Price hikes push health insurance shoppers into hard choices

Dec. 11, 2017

Middle-class shoppers struggle to stay insured. They’ve weathered years of price hikes and shrinking insurance choices with no help. Faced with more price increases for next year, they’re mulling options outside insurance or skipping coverage entirely—a decision that could lead to a fine for remaining uninsured and huge bills if an emergency hits.

The sign-up period for 2018 coverage closes on Dec. 15 in most states, meaning shoppers have only a few more days to find something that squeezes into their budgets.

The ACA helped chop the U.S. uninsured population 41% to 28.8 million people earlier this year from 48.6 million in 2010, when it became law, according to the latest government figures.

The law expanded Medicaid coverage for the poor and created health insurance marketplaces where people can use income-based tax credits to buy a single or family individual insurance plan if they don’t get coverage through work. Those subsidies cover part or all of the bill, capping insurance costs at a percentage of income for those who are eligible. That shields recipients from price hikes of 20% or more that have hit many markets.

But that help stops abruptly for people making four times the federal poverty level or more—around $48,000 for an individual and more than $98,000 for a family of four.

Of the roughly 15 million people who bought ACA-compliant individual insurance for this year, nearly 7 million had no tax credit help, according to the Kaiser Family Foundation.

Meanwhile, the uninsured rate among adults who make too much to qualify for help buying coverage jumped to 5% this year from 2% in 2016, according to The Commonwealth Fund.

Brokers and healthcare researchers expect that to climb again, especially for people with income levels close to the cutoff for federal help.

These customers can face monthly bills that climb past $2,000 for a family plan and then a big deductible before most coverage starts. Plus fewer markets this year have insurance that comes with a health savings account, which lets people save for medical expenses before taxes. Those accounts are popular with individual insurance shoppers who don’t get tax credit help, said St. Louis broker Emily Bremer.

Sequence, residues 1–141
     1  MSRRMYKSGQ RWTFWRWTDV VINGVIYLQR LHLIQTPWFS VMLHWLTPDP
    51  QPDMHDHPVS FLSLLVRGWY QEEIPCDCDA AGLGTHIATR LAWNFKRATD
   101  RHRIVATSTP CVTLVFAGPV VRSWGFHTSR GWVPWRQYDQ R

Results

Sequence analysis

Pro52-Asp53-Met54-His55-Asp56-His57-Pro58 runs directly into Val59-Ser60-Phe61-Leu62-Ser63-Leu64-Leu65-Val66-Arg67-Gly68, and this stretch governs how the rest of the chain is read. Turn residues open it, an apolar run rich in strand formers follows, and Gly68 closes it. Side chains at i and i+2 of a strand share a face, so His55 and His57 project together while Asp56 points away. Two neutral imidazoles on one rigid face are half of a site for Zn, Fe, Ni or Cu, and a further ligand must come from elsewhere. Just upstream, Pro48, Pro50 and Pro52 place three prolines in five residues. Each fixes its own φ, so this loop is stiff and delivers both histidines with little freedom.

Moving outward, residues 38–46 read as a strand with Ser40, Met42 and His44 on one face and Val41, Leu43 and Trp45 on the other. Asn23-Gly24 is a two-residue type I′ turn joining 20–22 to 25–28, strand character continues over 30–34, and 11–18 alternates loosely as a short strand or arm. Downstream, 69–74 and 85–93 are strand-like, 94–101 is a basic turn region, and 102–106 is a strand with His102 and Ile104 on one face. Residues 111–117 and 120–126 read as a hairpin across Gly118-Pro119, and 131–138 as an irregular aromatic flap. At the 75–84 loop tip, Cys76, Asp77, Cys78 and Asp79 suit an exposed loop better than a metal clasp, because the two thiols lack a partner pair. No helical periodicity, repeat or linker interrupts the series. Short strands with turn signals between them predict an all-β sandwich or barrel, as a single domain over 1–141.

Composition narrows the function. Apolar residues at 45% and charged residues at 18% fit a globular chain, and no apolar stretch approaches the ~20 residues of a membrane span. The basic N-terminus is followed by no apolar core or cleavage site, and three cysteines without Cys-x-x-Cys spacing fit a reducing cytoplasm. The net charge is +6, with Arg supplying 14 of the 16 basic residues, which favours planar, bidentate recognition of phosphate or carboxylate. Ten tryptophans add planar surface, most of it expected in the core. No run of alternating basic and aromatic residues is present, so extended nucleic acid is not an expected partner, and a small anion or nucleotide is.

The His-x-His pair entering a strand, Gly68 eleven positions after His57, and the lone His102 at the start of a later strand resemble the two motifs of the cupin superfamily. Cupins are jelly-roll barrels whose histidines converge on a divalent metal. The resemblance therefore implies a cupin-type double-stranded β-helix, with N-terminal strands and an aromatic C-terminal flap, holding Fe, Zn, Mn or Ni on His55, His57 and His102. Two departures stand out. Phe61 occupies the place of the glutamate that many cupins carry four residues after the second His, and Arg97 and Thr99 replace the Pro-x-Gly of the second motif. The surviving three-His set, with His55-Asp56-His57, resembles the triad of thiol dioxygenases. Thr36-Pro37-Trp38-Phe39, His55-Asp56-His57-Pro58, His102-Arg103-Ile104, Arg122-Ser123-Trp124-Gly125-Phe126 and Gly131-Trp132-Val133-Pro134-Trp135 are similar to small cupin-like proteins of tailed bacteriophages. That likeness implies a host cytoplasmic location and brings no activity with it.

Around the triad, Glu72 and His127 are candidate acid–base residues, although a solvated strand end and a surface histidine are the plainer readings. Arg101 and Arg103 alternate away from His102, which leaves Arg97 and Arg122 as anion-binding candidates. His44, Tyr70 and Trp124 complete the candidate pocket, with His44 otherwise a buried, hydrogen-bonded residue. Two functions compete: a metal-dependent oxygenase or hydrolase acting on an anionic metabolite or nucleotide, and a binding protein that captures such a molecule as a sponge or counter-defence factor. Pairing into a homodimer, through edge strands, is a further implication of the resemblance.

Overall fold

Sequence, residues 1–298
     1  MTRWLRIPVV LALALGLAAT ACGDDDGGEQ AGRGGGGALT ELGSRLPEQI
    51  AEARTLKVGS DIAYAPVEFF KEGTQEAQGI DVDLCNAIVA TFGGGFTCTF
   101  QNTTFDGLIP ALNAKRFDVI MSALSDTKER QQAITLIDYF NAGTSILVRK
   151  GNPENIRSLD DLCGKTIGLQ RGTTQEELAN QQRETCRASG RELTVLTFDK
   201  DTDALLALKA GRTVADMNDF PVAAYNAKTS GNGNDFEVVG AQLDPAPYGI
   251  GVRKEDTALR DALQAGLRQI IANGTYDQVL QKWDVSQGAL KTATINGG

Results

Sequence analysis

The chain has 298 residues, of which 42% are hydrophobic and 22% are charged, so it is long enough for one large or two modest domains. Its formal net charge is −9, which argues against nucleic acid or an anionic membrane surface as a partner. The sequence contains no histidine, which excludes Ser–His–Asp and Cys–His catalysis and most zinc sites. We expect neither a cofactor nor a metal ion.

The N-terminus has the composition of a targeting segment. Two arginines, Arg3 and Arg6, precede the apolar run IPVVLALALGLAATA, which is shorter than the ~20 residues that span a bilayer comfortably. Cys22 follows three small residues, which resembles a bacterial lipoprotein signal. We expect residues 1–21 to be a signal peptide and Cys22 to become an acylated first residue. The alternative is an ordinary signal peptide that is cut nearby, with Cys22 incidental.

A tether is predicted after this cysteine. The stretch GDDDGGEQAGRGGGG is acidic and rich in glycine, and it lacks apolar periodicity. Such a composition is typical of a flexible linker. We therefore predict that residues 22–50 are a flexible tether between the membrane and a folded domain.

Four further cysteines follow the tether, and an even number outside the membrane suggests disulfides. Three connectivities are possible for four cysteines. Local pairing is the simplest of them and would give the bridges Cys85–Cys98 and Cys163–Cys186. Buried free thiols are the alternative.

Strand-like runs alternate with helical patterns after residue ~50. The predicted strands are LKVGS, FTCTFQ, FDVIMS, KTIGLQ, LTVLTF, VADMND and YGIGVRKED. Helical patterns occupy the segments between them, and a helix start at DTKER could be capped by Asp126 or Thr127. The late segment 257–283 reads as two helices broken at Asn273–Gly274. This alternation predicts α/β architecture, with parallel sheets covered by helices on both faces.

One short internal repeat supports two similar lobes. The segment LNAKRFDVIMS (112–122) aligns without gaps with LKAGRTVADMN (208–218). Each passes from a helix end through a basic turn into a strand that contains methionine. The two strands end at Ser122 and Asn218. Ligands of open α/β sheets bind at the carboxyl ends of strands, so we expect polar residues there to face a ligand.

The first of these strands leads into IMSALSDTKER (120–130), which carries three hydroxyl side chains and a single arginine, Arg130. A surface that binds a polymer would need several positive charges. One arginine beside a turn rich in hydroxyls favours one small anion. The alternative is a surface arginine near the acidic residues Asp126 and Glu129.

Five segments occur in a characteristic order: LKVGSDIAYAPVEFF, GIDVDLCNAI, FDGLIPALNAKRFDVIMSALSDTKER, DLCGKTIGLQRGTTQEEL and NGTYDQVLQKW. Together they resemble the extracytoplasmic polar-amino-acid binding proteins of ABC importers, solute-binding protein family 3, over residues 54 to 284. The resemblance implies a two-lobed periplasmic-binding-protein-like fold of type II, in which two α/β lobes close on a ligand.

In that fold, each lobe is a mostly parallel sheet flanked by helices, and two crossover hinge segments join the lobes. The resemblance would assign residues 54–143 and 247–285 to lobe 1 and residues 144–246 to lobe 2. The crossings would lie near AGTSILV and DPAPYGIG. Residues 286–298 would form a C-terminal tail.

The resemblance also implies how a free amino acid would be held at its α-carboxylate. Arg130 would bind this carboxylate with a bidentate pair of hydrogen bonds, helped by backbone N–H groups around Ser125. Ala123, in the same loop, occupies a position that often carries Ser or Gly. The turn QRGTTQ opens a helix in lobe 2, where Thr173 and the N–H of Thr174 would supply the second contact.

Leslie Glogau said some of her customers in the Orlando area are considering short-term, limited-benefits plans that are cheaper than ACA-compliant coverage but can leave them vulnerable to big medical bills. Such plans also won’t stave off the uninsured penalty, which can amount to a few thousand dollars depending on income.

Insurance shoppers won’t be fined if they can’t find an affordable option in their market. But going uninsured would still leave them exposed to huge medical bills.

Alternatives include joining a medical cost-sharing ministry for next year. These ministries are not insurance, but they allow people to band together to share expenses, often by making monthly payments. They can be cheaper than regular coverage, and belonging to one allows customers to escape the ACA penalty for remaining uninsured.

Such arrangements usually come with restrictions or qualifications. For instance, participants may not be allowed to use tobacco, and there might be limits on help for medical conditions that existed before the customer signed up.

Medical Xpress has the full story

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